Helmet maker's Detroit move means more work for Sturgis Molded Products

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Xenith LLC Sturgis Molded Products will mold the polycarbonate shell and face mask clips for Xenith LLC, which has shifted production to Detroit.

Sturgis Molded Products (SMP) scored a big order from football gear manufacturer Xenith LLC, which relocated the manufacturing and assembly of its products from Lowell, Mass., to Detroit.

SMP will make between 40,000 and 50,000 polycarbonate helmet shells and the injection molded clips for face masks at its recently expanded facility in Sturgis, Mich., Ben Kevern, sales account manager, said in a telephone interview following an April 28 event at the Detroit warehouse where the parts will be assembled.

 “They found us,” Kevern said. “They carved out a radius around Detroit and set out on a hunt of injection molders. We ended up on their list. After touring our facility, talking with our people and seeing our product base they chose SMP as the best fit for the injection molding of their helmet shells and helmet clips.”

SMP also makes safety components for the automotive industry as well as bleacher seats and parts for the appliance industry. Along with a skilled workforce, the company had recently added a 22,000-square foot warehouse and four injection molding presses, putting it in a good position to win the Xenith job.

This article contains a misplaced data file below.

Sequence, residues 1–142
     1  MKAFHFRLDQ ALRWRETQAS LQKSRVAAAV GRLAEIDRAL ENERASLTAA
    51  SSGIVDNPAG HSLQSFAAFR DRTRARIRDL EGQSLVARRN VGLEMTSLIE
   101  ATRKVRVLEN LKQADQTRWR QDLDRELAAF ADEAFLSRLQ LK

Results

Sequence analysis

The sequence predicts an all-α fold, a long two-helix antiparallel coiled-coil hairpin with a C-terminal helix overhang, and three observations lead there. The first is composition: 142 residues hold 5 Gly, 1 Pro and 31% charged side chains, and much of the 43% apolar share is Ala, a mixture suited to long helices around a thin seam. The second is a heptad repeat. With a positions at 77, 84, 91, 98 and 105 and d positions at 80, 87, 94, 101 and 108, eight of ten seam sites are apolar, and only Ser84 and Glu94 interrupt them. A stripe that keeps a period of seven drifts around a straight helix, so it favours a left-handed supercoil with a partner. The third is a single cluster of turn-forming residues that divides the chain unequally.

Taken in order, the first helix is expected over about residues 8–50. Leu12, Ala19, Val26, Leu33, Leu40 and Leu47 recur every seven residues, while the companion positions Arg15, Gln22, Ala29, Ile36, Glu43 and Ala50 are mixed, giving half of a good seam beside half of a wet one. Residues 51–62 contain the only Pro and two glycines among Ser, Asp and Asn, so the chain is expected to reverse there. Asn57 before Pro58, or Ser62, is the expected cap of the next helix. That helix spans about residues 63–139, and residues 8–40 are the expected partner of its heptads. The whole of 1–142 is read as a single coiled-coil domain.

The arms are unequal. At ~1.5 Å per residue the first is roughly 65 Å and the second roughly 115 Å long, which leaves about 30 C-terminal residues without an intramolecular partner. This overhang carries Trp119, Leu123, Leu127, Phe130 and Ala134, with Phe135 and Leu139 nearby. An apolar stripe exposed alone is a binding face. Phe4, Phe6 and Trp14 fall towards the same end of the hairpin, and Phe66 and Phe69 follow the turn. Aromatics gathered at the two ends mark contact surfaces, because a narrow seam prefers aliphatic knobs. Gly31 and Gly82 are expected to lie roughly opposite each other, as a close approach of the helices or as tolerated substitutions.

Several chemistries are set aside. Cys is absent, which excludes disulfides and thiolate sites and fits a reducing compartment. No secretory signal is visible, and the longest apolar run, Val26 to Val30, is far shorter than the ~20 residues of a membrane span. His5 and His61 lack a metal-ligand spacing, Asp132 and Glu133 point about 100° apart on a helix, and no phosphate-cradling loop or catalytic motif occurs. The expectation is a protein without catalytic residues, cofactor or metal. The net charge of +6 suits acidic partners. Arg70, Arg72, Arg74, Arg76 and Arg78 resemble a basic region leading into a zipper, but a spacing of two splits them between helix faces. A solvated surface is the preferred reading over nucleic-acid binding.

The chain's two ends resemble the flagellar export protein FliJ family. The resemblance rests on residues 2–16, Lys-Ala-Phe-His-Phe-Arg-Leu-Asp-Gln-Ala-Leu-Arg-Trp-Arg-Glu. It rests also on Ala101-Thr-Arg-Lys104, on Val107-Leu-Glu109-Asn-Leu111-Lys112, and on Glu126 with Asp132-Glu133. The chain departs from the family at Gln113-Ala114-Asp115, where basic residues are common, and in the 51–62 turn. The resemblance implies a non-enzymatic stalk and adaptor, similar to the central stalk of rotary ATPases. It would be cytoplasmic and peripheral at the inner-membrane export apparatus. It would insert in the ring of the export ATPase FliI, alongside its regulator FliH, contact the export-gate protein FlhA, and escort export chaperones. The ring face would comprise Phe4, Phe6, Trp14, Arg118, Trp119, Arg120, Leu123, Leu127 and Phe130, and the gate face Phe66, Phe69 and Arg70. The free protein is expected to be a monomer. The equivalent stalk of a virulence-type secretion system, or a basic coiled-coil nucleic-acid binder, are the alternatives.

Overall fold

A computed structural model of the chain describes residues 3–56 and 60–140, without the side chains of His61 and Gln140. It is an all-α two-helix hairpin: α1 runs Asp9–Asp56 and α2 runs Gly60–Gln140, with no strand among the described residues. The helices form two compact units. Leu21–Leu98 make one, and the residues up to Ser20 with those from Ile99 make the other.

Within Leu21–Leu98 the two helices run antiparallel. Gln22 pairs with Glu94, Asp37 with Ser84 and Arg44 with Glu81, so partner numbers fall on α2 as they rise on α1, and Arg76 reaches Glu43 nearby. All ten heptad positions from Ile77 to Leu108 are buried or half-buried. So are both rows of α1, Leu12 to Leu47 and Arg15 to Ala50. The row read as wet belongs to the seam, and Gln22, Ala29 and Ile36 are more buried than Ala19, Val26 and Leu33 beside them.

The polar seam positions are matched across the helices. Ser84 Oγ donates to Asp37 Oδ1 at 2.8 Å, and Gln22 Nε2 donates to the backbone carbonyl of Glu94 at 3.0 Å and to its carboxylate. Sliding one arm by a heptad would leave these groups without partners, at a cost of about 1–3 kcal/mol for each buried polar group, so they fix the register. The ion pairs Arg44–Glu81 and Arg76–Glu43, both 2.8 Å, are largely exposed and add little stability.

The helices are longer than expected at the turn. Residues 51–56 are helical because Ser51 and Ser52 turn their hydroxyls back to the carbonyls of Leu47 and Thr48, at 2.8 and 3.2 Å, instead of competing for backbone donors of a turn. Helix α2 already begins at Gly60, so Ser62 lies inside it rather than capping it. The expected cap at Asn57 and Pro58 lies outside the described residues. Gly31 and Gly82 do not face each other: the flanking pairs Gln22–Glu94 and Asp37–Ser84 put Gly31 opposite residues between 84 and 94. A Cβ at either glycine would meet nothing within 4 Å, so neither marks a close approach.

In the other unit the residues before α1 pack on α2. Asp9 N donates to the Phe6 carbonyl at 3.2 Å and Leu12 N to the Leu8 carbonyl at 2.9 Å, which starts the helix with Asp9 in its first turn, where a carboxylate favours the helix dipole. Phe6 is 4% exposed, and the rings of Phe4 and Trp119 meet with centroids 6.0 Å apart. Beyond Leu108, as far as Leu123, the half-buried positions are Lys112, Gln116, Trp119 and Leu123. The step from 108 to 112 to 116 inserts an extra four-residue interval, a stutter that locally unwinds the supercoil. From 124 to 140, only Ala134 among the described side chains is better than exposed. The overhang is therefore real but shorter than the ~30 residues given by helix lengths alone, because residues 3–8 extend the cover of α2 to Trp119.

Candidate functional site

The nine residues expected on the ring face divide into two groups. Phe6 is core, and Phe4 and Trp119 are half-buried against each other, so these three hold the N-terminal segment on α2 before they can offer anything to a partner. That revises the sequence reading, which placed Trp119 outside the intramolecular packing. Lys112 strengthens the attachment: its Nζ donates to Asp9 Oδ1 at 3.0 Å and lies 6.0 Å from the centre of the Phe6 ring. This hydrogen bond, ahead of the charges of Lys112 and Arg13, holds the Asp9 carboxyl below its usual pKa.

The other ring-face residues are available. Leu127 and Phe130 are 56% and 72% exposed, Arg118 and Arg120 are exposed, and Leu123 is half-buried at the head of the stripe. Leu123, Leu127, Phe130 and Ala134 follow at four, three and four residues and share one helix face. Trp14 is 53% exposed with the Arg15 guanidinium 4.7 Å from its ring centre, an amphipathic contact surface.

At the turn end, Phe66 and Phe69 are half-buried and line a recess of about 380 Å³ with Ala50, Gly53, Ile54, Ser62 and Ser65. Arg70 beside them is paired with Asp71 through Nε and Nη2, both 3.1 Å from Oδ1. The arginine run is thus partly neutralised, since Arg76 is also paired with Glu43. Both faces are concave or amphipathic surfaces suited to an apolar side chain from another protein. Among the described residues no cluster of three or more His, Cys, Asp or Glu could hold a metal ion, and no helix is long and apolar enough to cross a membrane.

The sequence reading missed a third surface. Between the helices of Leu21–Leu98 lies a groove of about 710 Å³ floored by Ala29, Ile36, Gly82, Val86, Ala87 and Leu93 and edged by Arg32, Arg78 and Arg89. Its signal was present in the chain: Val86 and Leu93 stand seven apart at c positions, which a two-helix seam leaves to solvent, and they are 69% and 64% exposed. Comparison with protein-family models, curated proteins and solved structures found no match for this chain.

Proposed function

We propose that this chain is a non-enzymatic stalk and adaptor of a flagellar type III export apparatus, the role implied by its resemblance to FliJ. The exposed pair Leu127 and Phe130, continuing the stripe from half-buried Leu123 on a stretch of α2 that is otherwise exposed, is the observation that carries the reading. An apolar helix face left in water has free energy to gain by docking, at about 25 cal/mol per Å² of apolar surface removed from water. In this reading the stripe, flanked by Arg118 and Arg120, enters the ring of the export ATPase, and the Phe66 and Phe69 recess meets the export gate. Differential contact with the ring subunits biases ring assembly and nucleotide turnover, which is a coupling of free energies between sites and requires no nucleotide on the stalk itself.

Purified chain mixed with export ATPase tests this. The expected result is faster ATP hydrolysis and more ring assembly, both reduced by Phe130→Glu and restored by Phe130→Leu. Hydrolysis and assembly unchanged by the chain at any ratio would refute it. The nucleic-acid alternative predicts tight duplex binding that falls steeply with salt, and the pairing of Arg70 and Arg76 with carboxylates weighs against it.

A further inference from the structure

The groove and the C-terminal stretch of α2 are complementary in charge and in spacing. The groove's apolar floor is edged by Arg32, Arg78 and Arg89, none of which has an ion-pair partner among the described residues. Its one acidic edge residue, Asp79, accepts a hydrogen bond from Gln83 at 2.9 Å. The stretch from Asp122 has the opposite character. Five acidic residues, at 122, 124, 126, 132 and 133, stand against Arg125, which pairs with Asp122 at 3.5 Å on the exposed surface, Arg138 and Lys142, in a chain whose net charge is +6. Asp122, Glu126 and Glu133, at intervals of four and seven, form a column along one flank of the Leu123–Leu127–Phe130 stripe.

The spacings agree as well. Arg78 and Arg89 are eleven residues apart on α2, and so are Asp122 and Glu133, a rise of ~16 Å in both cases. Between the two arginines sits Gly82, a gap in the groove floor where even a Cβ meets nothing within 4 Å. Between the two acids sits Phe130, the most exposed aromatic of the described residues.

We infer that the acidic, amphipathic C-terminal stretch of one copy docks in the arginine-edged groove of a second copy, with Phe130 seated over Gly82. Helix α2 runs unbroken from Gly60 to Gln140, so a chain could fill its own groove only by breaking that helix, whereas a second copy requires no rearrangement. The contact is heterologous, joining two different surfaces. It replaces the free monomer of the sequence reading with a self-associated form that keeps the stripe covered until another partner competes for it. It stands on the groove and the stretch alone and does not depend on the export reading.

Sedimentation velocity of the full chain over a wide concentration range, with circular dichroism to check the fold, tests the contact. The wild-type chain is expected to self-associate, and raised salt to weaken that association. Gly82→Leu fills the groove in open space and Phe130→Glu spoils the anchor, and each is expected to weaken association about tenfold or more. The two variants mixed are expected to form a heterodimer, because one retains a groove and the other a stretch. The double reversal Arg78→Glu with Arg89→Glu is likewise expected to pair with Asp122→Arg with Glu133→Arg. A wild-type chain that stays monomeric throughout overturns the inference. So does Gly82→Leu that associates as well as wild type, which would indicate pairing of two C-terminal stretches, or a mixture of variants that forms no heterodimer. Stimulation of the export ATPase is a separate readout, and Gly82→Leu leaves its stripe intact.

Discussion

“We make airbag housings that protect human life and other automotive safety products, so this falls into that niche for us,” Kevern said. “Our employees really like making that type of product. They feel like they’re making a difference and it allows us to have that strong emphasis on part quality because a bad part leaving our shop could compromise some safety aspects. We like having that rewarding type of product in our facility.”

Xenith LLC Xenith will assemble the injection molded outer shells, inner protective padding and face masks in Detroit.

SMP will be making the hard, shiny exteriors of the football helmets in several sizes and 12 colors. The company also will make the clips — six per helmet — to secure the face masks. The parts will be sent to the Detroit assembly crew.

“They take the face mask, the inside bonnet with shock absorbers and the chin straps and put all those pieces together to make a fully assembled helmet,” Kevern said. “It’s funny that [auto supplier] Lear [Corp.] is helping Xenith with the labor force, because Lear is one of our injection molding customers so there’s a little triangle there.”

SMP isn’t doing any hiring for its part of the helmet production, but the job will give its current employees the chance to work more hours, Kevern added.

“This filled up the existing capacity we had,” he said. “Right now the current orders have us making between 40,000 and 50,000 helmet shells through July, so through the second quarter. We don’t know what’s coming after that yet but hopefully more.”

Xenith helmets use air bladders that look similar to hockey pucks within the shell and padding to act similar to automotive air bags, serving as shock-absorbers and minimizing head movement during collisions.

The three models currently on the company website retail from $165 for a youth model to $399 for the top version.

It also sells shoulder pads, accessories and apparel.

Former Philadelphia Eagles running back LeSean McCoy, now with the Buffalo Bills, is Xenith’s lone NFL endorser, although other NFL players have reportedly worn the company’s helmets, including Ray Rice, Matt Birk, Ricky Williams, and Dallas Clark, according to a Boston sports website.

The company has picked up sponsorship deals with several football organizations, and its website said it is an official supplier to the NFL.

Bill Shea of Crain’s Detroit Business contributed to this report.